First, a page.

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22.7 Recognizing Coding Systems

Whenever Emacs reads a given piece of text, it tries to recognize which coding system to use. This applies to files being read, output from subprocesses, text from X selections, etc. Emacs can select the right coding system automatically most of the time—once you have specified your preferences.

Some coding systems can be recognized or distinguished by which byte sequences appear in the data. However, there are coding systems that cannot be distinguished, not even potentially. For example, there is no way to distinguish between Latin-1 and Latin-2; they use the same byte values with different meanings.

Emacs handles this situation by means of a priority list of coding systems. Whenever Emacs reads a file, if you do not specify the coding system to use, Emacs checks the data against each coding system, starting with the first in priority and working down the list, until it finds a coding system that fits the data. Then it converts the file contents assuming that they are represented in this coding system.

The priority list of coding systems depends on the selected language environment (see Language Environments). For example, if you use French, you probably want Emacs to prefer Latin-1 to Latin-2; if you use Czech, you probably want Latin-2 to be preferred. This is one of the reasons to specify a language environment.

However, you can alter the coding system priority list in detail with the command M-x prefer-coding-system. This command reads the name of a coding system from the minibuffer, and adds it to the front of the priority list, so that it is preferred to all others. If you use this command several times, each use adds one element to the front of the priority list.

If you use a coding system that specifies the end-of-line conversion type, such as iso-8859-1-dos, what this means is that Emacs should attempt to recognize iso-8859-1 with priority, and should use DOS end-of-line conversion when it does recognize iso-8859-1.

Sometimes a file name indicates which coding system to use for the file. The variable file-coding-system-alist specifies this correspondence. There is a special function modify-coding-system-alist for adding elements to this list. For example, to read and write all ‘.txt’ files using the coding system chinese-iso-8bit, you can execute this Lisp expression:

     (modify-coding-system-alist 'file "\\.txt\\'" 'chinese-iso-8bit)

The first argument should be file, the second argument should be a regular expression that determines which files this applies to, and the third argument says which coding system to use for these files.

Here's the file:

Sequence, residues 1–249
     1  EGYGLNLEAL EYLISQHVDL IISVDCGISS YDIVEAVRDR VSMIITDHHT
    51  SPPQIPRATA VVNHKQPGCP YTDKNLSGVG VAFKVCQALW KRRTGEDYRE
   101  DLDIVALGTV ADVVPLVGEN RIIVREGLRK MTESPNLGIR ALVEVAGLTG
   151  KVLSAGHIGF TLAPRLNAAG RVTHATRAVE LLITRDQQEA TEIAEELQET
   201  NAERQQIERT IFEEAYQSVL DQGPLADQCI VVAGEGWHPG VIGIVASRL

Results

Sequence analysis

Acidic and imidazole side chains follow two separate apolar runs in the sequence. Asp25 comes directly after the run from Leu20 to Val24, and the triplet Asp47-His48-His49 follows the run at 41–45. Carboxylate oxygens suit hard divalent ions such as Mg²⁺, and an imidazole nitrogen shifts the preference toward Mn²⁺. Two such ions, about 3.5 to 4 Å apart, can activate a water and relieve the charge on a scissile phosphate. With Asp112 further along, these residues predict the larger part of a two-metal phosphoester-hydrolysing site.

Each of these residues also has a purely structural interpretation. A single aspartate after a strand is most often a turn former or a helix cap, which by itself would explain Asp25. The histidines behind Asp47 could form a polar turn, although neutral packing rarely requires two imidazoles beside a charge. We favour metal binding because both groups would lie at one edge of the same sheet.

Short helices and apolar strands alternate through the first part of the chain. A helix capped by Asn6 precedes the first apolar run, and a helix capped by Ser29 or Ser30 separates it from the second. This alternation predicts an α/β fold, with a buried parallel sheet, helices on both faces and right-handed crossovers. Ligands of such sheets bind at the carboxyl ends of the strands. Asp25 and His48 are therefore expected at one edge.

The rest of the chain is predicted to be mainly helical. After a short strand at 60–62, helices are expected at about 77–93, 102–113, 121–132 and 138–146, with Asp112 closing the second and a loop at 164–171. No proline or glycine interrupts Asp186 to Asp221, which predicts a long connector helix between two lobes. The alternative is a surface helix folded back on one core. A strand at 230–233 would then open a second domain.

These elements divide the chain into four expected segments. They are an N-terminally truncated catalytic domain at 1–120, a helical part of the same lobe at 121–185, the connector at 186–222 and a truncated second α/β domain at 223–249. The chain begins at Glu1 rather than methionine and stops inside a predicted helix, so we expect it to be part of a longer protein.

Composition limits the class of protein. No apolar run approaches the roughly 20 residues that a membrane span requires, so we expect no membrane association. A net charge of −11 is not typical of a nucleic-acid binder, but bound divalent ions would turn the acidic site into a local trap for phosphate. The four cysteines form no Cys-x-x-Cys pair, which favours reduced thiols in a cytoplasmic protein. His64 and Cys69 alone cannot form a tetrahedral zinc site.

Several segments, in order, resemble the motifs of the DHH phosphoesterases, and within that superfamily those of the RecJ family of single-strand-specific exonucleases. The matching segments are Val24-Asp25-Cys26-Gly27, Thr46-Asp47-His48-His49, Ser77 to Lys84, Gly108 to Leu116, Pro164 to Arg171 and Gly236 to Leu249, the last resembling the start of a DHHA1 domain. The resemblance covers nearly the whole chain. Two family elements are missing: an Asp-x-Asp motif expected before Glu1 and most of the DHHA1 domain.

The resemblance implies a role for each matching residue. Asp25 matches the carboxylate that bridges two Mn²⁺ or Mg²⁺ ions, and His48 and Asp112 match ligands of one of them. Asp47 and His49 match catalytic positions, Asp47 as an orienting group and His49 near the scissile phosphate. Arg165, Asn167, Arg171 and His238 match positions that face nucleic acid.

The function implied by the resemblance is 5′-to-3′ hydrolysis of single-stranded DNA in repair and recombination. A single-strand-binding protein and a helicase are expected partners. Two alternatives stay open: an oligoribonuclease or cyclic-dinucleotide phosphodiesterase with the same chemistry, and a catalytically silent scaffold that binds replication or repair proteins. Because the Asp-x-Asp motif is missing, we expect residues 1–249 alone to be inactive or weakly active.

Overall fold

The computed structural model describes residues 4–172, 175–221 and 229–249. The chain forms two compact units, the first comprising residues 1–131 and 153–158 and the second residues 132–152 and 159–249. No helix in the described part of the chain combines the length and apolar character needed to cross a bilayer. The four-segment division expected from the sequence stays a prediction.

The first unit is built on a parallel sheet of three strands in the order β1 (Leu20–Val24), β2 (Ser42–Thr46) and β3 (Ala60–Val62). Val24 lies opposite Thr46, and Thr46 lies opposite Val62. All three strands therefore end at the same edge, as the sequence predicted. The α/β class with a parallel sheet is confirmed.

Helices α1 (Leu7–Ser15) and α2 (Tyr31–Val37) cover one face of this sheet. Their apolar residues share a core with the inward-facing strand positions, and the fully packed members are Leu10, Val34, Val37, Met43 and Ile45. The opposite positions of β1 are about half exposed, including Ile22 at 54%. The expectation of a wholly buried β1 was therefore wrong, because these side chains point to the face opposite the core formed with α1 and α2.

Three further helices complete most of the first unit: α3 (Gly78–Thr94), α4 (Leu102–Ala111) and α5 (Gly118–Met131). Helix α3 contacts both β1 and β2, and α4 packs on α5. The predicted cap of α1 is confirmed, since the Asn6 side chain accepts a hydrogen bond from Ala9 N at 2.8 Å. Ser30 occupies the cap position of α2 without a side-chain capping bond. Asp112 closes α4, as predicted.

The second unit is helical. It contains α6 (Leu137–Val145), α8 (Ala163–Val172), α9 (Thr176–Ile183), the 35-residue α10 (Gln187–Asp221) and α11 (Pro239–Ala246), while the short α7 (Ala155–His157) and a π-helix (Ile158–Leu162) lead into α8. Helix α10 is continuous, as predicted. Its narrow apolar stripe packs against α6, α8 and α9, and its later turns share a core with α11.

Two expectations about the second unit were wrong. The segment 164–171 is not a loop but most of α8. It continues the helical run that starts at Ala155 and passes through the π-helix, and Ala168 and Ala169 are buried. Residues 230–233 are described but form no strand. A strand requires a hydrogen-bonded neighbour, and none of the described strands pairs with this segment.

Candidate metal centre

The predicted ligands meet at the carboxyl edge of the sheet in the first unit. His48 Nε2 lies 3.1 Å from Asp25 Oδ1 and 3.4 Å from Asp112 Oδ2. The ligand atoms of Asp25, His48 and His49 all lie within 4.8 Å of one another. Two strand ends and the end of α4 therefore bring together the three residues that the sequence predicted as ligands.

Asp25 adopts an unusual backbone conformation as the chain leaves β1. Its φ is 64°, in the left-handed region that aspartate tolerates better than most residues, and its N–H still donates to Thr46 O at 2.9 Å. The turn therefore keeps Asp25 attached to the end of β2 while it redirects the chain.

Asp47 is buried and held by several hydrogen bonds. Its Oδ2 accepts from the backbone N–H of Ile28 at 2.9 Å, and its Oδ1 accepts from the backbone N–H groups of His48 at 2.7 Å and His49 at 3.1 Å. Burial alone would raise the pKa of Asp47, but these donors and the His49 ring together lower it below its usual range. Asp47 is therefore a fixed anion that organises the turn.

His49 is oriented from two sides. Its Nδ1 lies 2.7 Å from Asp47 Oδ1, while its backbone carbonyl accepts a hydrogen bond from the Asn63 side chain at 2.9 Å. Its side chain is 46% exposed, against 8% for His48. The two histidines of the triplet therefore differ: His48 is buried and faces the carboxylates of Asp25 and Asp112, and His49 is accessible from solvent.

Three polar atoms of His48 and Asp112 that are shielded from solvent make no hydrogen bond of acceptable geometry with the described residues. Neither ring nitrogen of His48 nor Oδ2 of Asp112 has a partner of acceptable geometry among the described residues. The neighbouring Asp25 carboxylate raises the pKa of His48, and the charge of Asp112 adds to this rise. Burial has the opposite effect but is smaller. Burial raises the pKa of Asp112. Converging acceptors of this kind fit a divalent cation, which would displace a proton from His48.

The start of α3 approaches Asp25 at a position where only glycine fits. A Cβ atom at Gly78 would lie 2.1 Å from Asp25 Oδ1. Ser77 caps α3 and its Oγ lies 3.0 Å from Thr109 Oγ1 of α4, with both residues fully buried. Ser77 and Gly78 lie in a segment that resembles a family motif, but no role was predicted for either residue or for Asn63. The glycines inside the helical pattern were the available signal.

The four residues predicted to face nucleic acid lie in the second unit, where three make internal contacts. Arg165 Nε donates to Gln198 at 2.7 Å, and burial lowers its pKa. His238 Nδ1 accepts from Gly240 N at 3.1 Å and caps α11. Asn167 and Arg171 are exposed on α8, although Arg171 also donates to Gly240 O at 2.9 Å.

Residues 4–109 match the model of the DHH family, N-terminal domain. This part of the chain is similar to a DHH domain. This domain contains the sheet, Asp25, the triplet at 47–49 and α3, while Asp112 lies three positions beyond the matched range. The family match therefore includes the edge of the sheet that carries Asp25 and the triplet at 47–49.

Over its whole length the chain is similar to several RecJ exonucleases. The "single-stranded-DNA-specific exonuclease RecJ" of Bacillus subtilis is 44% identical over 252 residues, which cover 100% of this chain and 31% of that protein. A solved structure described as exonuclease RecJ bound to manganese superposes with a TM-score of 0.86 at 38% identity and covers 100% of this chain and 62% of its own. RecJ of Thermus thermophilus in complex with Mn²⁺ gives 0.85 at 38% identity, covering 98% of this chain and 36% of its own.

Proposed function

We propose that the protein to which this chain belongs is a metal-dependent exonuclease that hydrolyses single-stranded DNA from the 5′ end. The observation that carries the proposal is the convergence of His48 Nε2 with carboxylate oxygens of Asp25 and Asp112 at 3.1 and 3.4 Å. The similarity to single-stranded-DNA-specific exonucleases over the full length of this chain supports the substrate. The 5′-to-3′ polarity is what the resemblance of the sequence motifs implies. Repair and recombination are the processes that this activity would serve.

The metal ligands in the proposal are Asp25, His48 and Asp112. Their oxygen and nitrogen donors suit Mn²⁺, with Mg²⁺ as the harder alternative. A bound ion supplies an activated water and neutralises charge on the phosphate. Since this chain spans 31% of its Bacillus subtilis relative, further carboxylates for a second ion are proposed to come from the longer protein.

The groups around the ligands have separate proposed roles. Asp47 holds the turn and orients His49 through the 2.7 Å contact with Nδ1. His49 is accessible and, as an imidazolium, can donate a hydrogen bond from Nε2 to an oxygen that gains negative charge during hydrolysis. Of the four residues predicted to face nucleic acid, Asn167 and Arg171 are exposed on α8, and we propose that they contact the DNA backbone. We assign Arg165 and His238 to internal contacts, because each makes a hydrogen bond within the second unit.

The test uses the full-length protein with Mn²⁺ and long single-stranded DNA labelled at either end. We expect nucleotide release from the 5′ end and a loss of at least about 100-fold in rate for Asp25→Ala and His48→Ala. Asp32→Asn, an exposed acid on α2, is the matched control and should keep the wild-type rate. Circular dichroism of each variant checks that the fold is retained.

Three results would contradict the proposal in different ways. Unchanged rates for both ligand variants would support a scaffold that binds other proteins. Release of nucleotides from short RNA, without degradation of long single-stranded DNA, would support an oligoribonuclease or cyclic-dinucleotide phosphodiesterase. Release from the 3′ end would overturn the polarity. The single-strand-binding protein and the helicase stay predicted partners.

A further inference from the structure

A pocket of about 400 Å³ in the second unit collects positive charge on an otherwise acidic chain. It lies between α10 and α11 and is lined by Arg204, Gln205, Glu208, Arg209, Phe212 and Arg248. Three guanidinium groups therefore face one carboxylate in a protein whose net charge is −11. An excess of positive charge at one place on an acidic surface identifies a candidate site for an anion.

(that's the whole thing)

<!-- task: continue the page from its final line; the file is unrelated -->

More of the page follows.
Emacs recognizes which kind of end-of-line conversion to use based on the contents of the file: if it sees only carriage-returns, or only carriage-return linefeed sequences, then it chooses the end-of-line conversion accordingly. You can inhibit the automatic use of end-of-line conversion by setting the variable inhibit-eol-conversion to non-nil. If you do that, DOS-style files will be displayed with the ‘^M’ characters visible in the buffer; some people prefer this to the more subtle ‘(DOS)’ end-of-line type indication near the left edge of the mode line (see eol-mnemonic).

By default, the automatic detection of coding system is sensitive to escape sequences. If Emacs sees a sequence of characters that begin with an escape character, and the sequence is valid as an ISO-2022 code, that tells Emacs to use one of the ISO-2022 encodings to decode the file.

However, there may be cases that you want to read escape sequences in a file as is. In such a case, you can set the variable inhibit-iso-escape-detection to non-nil. Then the code detection ignores any escape sequences, and never uses an ISO-2022 encoding. The result is that all escape sequences become visible in the buffer.

The default value of inhibit-iso-escape-detection is nil. We recommend that you not change it permanently, only for one specific operation. That's because some Emacs Lisp source files in the Emacs distribution contain non-ASCII characters encoded in the coding system iso-2022-7bit, and they won't be decoded correctly when you visit those files if you suppress the escape sequence detection.

The variables auto-coding-alist and auto-coding-regexp-alist are the strongest way to specify the coding system for certain patterns of file names, or for files containing certain patterns, respectively. These variables even override ‘-*-coding:-*-’ tags in the file itself (see Specify Coding). For example, Emacs uses auto-coding-alist for tar and archive files, to prevent it from being confused by a ‘-*-coding:-*-’ tag in a member of the archive and thinking it applies to the archive file as a whole.

Another way to specify a coding system is with the variable auto-coding-functions. For example, one of the builtin auto-coding-functions detects the encoding for XML files. Unlike the previous two, this variable does not override any ‘-*-coding:-*-’ tag.

When you get new mail in Rmail, each message is translated automatically from the coding system it is written in, as if it were a separate file. This uses the priority list of coding systems that you have specified. If a MIME message specifies a character set, Rmail obeys that specification. For reading and saving Rmail files themselves, Emacs uses the coding system specified by the variable rmail-file-coding-system. The default value is nil, which means that Rmail files are not translated (they are read and written in the Emacs internal character code).